WordPress sites targeted in major attack

Botnet attack

WordPress and other popular blogging sites have been targeted in a botnet attack that could be the precursor to a much larger attack

WordPress sites are being targeted by a major botnet attack that is attempting to crack common usernames and passwords.

Multiple hosting companies have reported an uptick in attacks, with the unknown culprit thought to be using a botnet with 100,000 infected computers to attack vulnerable sites running WordPress as well as Joomla.

One security firm warned that the attackers could be in the process of building a more powerful botnet to prepare for a much larger future attack.

"One of the concerns of an attack like this is that the attacker is using a relatively weak botnet of home PCs in order to build a much larger botnet of beefy servers in preparation for a future attack," wrote CloudFlare CEO Matthew Prince. "These larger machines can cause much more damage in DDoS attacks because the servers have large network connections and are capable of generating significant amounts of traffic."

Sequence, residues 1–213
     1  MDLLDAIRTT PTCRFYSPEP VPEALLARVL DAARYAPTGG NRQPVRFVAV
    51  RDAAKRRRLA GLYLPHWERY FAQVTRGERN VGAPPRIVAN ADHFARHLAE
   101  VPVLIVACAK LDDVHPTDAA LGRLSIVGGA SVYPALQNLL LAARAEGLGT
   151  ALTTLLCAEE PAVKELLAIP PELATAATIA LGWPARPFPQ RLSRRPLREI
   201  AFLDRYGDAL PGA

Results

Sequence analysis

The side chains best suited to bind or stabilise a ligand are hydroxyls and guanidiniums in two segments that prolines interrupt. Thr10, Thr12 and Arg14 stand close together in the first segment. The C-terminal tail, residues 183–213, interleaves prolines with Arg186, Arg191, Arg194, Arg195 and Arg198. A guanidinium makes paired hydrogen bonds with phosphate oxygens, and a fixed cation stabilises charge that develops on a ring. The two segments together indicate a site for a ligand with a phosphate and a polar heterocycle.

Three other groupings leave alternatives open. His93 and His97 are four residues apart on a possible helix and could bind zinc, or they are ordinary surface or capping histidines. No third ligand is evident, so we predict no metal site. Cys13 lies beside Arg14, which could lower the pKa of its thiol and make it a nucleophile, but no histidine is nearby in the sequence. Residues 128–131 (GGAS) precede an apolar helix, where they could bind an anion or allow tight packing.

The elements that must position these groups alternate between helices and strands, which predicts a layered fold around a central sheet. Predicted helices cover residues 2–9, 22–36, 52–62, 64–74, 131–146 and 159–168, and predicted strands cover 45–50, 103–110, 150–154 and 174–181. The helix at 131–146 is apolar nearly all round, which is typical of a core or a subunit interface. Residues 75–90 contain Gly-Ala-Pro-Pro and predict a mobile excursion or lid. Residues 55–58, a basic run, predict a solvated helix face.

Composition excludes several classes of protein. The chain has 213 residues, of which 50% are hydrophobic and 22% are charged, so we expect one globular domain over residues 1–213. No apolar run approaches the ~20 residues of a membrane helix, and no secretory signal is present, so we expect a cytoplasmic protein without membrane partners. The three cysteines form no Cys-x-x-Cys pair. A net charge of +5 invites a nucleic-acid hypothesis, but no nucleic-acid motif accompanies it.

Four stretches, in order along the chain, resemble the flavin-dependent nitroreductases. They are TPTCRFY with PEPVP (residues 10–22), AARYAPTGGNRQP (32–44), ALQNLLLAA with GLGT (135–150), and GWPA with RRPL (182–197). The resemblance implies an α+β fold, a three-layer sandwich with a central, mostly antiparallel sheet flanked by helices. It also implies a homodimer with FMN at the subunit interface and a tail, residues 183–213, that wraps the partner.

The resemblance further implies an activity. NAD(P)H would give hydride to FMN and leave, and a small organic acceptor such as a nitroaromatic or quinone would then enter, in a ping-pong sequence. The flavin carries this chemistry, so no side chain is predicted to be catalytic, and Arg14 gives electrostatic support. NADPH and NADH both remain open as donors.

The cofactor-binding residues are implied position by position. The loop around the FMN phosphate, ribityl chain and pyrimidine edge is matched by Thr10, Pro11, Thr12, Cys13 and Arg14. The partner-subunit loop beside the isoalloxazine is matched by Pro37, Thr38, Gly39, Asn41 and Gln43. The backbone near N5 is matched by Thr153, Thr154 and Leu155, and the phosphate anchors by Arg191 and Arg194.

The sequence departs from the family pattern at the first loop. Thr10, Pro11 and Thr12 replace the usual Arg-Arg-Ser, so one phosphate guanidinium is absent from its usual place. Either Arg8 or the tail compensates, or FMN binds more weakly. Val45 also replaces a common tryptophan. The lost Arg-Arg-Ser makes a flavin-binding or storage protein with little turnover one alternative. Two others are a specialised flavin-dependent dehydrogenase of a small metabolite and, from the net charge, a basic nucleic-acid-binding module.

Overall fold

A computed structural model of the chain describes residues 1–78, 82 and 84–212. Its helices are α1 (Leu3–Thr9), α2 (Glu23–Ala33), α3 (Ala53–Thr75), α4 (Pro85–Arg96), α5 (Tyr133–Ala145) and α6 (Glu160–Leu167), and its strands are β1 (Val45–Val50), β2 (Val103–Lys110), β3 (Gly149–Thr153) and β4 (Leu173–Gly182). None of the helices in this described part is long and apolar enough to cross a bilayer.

Even when 'normal service' is resumed, we'll all still be firmly in the sights of the cybercriminals, so take this as a spur to action

Currently the unknown culprits are attempting to brute force access to WordPress and other sites by trying to guess common login credentials, known as a "dictionary attack".

Such automated attacks tend to target "low-hanging fruit" where login credentials are easy to guess, such as "admin" for usernames and "qwerty" for passwords, noted Sophos’ Naked Security blog.

Hosting firm Melbourne warned the attack could cause compromised sites to slow down or crash systems.

Others advised customers running WordPress to change their passwords as soon as possible to safeguard against a possible wider attack.

"The attack volume in this case has been sufficient to attract global attention, which is a good thing, but it's currently thought to be only about three times the usual level," wrote Sophos' head of technology Paul Ducklin. "In other words, even when 'normal service' is resumed, we'll all still be firmly in the sights of the cybercriminals, so take this as a spur to action."

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